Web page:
Mrs Cobb bustled back up to them. “Well, now, Jayne. I understand there’s food waiting. Are my two best boys gonna escort me inside?” She smiled at River. “Long as you don’t mind, of course.”

“I don’t mind, Mother.”

Mrs Cobb beamed wider than anyone thought was possible. “Then you sit next to me while we eat, and tell me all this big one of mine’s been up to.”

“Ma, you don’t wanna –“ Jayne began, his mind racing back over years of exploits he never wanted his mother to know about, but she waved her hand at him.

“I do. And we will.” She hooked her arm through his. “Now, come on. Can’t keep these good folk waiting.”

Jayne shook his head at Matty over the diminutive woman. “She ain’t changed?” he asked.

“Nope,” Matty agreed. “Still gets her own way over most things.”

Mrs Cobb slapped her two sons on the arm. “No I don’t.” But they all walked inside together anyway.

“Feel like you’re a spare wheel?” Hank murmured to Zoe.

“Don’t worry, dear,” she said, taking his hand. “We have each other. And we’re both going to be at the centre of attention tomorrow.”

“Oh, yeah.” His face crumpled.

“Cold feet?” she teased.

“If I do I’ll warm them on your back tonight.” He pulled out a smile. “No, just … it’s for real, ain't it?”

“Surely is.”

Suddenly he laughed. “And I’m glad. More glad than I've been of anything.”

Zoe smiled, looping her arm around his waist. “That’s nice. And you’re not warming your cold feet anywhere on my person.”

“But it’s such fun …”


Over dinner, a simple but ample meal, Seymour leaned in towards Mal. “I would like to thank you, on behalf of the Abbey, for letting us know about Derrial.”

Mal froze a moment. Hardly anyone had ever called Book by his first name, and here was a man who … “You knew him?”

“He was a good friend to us all, throughout his time here.” Seymour’s face took on a saddened aspect. “We were all sorry to hear of his passing.”

“He died protecting his flock,” Mal said somewhat shortly.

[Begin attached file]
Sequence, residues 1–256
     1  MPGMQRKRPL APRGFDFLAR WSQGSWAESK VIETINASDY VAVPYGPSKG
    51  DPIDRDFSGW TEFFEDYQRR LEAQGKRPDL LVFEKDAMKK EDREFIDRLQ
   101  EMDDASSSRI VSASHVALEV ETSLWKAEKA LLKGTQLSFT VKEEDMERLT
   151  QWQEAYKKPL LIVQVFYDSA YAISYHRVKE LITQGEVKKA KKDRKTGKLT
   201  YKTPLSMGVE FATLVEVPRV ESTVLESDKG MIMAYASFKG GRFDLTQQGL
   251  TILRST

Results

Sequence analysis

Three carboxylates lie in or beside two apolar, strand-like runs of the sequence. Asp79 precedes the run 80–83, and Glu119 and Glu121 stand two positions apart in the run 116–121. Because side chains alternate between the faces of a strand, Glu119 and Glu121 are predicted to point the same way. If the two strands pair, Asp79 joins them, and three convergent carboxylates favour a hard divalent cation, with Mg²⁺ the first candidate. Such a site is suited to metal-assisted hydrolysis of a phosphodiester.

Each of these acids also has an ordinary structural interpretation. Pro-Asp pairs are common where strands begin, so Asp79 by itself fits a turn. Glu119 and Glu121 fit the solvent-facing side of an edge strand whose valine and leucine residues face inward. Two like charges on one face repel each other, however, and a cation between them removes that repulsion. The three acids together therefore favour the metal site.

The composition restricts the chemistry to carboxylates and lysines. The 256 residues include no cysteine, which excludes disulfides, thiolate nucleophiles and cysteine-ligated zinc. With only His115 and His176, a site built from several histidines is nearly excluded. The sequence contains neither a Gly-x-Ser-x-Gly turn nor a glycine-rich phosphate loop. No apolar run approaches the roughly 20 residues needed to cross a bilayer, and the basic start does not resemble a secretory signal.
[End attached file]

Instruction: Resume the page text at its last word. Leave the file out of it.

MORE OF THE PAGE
Seymour smiled. “Yes, that didn’t surprise me when I heard. He always was very protective of those in his care.”

“That he was.”

The Shepherd looked closely at Mal. “You still believe yourself responsible, don’t you?”

“I am.”

“That kind of burden shouldn’t be taken lightly, Captain. And I can’t see –“

“Do you know the circumstances?” Mal interrupted, harsher than he had intended. He tempered his tone, glancing around the table to make sure no-one had heard. Everyone seemed unaware, and even Inara, seated next to him, was engrossed in conversation with a young Shepherd the other side. Only Freya, opposite him, was looking, concern in her eyes. He shook his head slightly at her, and she turned back to her meal, rocking Jesse absently. “Preacher, I took it on myself to set the course that got him killed. That makes it my responsibility.”

“What were his last words to you?” Seymour asked.

For a long moment Mal didn’t answer, just remembering. Then … “He told me to believe. It didn’t matter in what. Just to believe.”

“And did you?”

“Yeah. Died in my arms, and I believed.” The bitterness was still in his voice. “Got another friend killed too.”

“And your friend’s wife is getting married again tomorrow,” Seymour pointed out, chuckling at the sharp look he got. “I've had to make all the arrangements, Captain. And believe me, there is an amazing amount of paperwork to be filled in, even for a simple set of weddings as this.”